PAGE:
Fayette cuts automatic fire aid to F’ville


    A June 27 letter from Fayette County Manager Steve Rapson about discontinuing the county’s automatic aid agreement with the Fayetteville Fire Department may have resulted in unexpected consequences.

    Mayor Greg Clifton suggested that a lack of timely notification gave the appearance of the city being bullied by the county, with Rapson maintaining that Clifton was aware that the announcement was coming.

    Rapson’s June 27 letter to Clifton said, “The current practice of providing automatic aid, which was started some time ago by previous fire chiefs, was never approved by Fayette County. Effective Aug. 1, our fire services will not provide this direct automatic aid type of response for supplemental fire suppression as contained within the existing 911 CAD (computer-aided dispatch) dispatch system. The existing dispatching protocols within the 911 CAD systems will be amended accordingly.”

    The letter, which noted that mutual aid will continue, was provided to county commissioners at the conclusion of the June 26 meeting but no vote was taken.

    Clifton in a June 27 email to Rapson, City Manager Joe Morton and members of the City Council and county commission said he was contacted by a media outlet inquiring about the county’s move to discontinue automatic aid in August. Clifton said it would have been good if he, Morton and council members had received an email “so we could have been aware that a formal letter was coming …” so that he would not have been blindsided by the media.

    “While I am willing to give the benefit of the doubt regarding the delivery of the letter to the city, the fact is that the phone call was the first that we have heard of the matter through official channels. I must say that this smacks of the episode with the school board, where the first notice that anyone in the city got that school board was considering closing three schools in Fayetteville was when we read it in the papers,” Clifton said.

    “I understand that the county has to do what is in the best interest of the county residents, but then we are all county residents. I am concerned that the county is coming across as trying to bully the city, and that will not sell well on our side of the street. We have had a good relationship these first two and a half years of my administration, let’s not jeopardize the relationship now,” Clifton wrote.

    Rapson in a June 27 email to Clifton said he apologized for the letter not having been sent first thing in the morning, adding that, “We discussed this letter in depth in my office; and the fact that it was going to be released this week, so I’m not sure how you feel ‘blindsided’ concerning this matter.”

    Rapson continued saying, “There was certainty no ill will on our part with communicating this action. As you are aware, the chairman and I discussed fire services might need to contract if the fire consolidation was not being approved due to our political boundaries. This isn’t a bullying, it’s a consequence that was fully discussed prior to its decision.”

    Councilman Ed Johnson in a June 27 email to Clifton provided his take on the issue.

    “We are not jeopardizing the relationship, the county is by the unprofessional way they are handling these issues by not giving the city (staff or council) a courtesy heads-up,” Johnson said. ”I am glad our (fire department) is thinking ahead of the county’s ploys. I hope that you request a meeting with the county folks to get some idea of the tactics they are using.”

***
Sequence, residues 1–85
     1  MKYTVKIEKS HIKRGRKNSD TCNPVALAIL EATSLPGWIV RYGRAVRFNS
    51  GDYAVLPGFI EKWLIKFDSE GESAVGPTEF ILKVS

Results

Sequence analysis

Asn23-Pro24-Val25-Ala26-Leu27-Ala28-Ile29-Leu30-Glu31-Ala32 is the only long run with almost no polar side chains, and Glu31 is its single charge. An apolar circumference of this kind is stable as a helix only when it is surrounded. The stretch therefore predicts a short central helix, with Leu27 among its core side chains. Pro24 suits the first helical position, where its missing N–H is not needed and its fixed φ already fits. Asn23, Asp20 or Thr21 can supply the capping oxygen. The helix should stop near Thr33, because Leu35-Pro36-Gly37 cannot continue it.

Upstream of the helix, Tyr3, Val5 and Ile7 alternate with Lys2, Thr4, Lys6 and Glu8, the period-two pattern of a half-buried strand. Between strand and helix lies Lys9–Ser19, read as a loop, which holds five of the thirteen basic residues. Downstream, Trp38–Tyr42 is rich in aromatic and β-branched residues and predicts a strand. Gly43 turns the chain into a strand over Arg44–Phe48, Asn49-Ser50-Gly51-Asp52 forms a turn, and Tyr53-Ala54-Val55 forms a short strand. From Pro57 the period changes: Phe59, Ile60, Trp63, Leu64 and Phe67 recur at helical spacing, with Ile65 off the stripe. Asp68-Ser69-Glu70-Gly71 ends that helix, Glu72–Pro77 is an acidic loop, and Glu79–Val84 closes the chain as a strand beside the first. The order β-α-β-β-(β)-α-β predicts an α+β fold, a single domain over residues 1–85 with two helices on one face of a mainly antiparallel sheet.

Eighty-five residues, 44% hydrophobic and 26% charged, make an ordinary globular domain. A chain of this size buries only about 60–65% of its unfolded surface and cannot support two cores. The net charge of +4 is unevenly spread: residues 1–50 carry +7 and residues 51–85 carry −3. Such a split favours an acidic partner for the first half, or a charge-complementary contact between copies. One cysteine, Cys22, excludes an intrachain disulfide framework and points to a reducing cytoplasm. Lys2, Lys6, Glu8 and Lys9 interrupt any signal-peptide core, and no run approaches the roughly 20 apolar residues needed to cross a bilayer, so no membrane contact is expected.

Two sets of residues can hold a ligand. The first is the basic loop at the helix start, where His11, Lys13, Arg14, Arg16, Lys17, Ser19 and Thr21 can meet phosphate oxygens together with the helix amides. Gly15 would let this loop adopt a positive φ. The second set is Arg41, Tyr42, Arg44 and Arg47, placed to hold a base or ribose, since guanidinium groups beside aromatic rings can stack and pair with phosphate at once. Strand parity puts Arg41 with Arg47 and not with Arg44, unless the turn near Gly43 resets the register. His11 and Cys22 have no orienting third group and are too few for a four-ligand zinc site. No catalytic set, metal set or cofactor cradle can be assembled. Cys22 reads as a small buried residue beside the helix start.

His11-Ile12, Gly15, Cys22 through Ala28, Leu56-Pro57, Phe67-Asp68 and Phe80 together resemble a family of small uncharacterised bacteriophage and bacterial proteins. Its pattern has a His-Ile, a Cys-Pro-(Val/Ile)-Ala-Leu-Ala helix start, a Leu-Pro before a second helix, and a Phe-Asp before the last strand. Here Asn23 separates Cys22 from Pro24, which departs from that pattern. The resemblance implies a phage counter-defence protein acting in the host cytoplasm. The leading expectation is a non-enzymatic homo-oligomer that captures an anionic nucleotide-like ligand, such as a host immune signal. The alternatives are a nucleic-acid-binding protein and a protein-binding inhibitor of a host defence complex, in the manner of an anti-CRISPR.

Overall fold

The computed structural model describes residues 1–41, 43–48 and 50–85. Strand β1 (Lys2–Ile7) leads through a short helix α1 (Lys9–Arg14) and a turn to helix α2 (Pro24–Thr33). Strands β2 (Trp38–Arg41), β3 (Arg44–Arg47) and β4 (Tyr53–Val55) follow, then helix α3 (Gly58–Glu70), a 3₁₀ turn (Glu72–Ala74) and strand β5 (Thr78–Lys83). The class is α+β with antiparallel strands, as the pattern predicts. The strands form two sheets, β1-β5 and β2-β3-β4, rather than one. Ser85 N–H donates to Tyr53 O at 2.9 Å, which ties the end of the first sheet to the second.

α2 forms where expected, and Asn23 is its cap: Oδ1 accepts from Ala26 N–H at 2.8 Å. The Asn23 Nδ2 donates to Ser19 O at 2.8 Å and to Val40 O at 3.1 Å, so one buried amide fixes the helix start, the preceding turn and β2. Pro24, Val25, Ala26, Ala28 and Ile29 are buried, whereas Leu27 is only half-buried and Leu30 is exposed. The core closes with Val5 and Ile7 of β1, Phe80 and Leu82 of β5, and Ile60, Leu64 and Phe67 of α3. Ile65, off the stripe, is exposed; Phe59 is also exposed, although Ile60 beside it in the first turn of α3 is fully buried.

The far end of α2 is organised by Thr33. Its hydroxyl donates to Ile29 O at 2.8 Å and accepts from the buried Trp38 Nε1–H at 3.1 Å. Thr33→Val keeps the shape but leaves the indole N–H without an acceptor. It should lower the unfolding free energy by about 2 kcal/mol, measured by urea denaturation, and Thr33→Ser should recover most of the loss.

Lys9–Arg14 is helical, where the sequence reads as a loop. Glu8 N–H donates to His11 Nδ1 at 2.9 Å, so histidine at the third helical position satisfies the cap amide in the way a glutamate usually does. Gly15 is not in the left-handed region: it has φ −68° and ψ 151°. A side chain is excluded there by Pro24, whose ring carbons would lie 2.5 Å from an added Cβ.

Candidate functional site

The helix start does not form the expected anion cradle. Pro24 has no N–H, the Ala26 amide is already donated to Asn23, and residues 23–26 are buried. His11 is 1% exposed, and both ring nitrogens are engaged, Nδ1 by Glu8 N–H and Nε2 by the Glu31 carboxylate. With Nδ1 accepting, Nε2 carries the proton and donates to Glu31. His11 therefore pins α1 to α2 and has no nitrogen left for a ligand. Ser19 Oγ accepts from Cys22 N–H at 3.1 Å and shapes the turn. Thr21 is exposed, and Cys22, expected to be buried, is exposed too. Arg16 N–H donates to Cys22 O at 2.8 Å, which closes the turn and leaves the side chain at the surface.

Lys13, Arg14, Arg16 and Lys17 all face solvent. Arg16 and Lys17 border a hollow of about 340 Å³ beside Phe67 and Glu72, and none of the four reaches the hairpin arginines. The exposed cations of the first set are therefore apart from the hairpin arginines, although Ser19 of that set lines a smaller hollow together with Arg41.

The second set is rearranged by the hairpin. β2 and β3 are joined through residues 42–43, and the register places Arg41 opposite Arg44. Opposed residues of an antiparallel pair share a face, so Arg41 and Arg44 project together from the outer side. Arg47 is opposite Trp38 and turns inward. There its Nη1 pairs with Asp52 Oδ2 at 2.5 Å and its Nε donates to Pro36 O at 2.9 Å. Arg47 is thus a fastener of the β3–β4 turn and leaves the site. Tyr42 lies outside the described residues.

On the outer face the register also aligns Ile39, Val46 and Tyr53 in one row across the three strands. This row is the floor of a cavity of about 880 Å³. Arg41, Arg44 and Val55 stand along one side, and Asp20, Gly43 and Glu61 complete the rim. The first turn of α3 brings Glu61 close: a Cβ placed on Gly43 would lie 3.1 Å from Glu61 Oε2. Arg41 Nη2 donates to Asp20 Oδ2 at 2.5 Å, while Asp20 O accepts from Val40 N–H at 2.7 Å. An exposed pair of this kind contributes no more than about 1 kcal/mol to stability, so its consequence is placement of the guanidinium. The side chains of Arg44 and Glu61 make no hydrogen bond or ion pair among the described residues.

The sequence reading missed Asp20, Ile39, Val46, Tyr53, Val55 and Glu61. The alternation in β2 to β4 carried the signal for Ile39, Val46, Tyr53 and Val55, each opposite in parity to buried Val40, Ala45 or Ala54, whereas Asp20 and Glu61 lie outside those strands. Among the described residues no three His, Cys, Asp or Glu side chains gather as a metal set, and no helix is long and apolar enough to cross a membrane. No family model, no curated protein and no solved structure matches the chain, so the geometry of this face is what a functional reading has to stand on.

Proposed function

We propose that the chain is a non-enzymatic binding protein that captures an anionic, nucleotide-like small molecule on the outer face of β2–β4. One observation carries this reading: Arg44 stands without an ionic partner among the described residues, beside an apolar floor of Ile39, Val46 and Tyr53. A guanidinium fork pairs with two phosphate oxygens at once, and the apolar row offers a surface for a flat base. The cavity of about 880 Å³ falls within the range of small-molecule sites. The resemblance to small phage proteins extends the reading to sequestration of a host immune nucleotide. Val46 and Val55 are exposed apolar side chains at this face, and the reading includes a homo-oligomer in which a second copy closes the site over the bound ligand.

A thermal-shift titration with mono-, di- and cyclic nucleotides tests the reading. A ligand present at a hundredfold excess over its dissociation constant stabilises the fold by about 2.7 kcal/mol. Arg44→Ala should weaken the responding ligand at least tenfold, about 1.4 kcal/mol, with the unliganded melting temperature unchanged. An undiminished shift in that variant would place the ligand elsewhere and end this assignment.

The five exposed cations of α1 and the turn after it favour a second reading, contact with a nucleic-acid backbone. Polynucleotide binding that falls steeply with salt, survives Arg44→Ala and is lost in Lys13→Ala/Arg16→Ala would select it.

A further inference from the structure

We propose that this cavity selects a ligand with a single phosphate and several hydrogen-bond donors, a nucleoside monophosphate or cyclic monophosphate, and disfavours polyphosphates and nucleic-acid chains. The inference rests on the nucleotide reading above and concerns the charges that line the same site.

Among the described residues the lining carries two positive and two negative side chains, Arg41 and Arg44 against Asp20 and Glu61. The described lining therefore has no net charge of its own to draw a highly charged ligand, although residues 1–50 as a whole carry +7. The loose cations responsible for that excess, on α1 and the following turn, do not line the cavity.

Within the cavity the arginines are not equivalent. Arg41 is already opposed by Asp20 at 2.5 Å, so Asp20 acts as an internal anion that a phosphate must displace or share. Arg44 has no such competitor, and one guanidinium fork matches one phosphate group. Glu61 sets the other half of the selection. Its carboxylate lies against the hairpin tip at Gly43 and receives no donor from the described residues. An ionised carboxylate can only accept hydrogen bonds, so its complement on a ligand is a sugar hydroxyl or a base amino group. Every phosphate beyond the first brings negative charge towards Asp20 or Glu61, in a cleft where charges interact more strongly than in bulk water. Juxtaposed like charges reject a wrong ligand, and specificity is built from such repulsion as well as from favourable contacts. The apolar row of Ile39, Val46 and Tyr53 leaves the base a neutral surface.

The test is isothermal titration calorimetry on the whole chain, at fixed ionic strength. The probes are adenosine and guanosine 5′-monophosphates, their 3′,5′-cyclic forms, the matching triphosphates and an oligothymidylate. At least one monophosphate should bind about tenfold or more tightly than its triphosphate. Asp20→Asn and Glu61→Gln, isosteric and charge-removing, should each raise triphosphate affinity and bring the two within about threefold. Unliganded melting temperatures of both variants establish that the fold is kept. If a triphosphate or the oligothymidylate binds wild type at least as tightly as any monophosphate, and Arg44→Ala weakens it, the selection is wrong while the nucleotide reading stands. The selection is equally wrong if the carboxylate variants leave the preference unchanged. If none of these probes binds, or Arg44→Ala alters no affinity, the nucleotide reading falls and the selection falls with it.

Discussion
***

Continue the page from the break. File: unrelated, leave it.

Fayetteville Fire Chief Alan Jones in mid-June advanced the idea of establishing a temporary fire station on the city’s west side as a hedge against the potential for Fayette County eliminating the longstanding automatic aid agreement with the city. It took only 11 days for the county to announce that automatic aid would end on Aug. 1.

    Jones said an abandonment of the automatic aid agreement would affect response times to locations on the city’s west side and could adversely affect ISO (fire response time) ratings which could lead to higher insurance costs for property owners.

    Jones said that the city should not take that chance, recommending that the city “go ahead and open a temporary station at (the) Togwotee Village” retail area on Ga. Highway 54 across from Piedmont Fayette Hospital.

    Rapson in the June 27 letter said the county, “would be glad to consider any automatic aid proposals which the fire chiefs could agree to and subsequently put them forward for board consideration and approval.”

    Rapson said the county will honor the commission-approved Pinewood intergovernmental agreement that details fire services for the area of west Fayetteville. Jones said that area includes the 1,200 acres annexed into the city nearly a year ago.

    “Please recognize this agreement does not include any other portions of the city on the west side which have been covered by Fayette County Fire Station No. 11,” Rapson said.

    Station No. 11 is located at 212 Flat Creek Trail approximately two miles from the city’s westernmost boundary.

    Jones said preliminary conversations about the temporary relocation, including a possible pricing structure for the space, have been held with Togwotee Village representatives. He said the potential space will come with a good price though it will not provide a way to house a fire engine.

    The city’s FY 2015 budget which begins in August is currently under consideration and includes three new firefighter positions. If approved, those new positions would accommodate staffing needs for the temporary station, Jones said.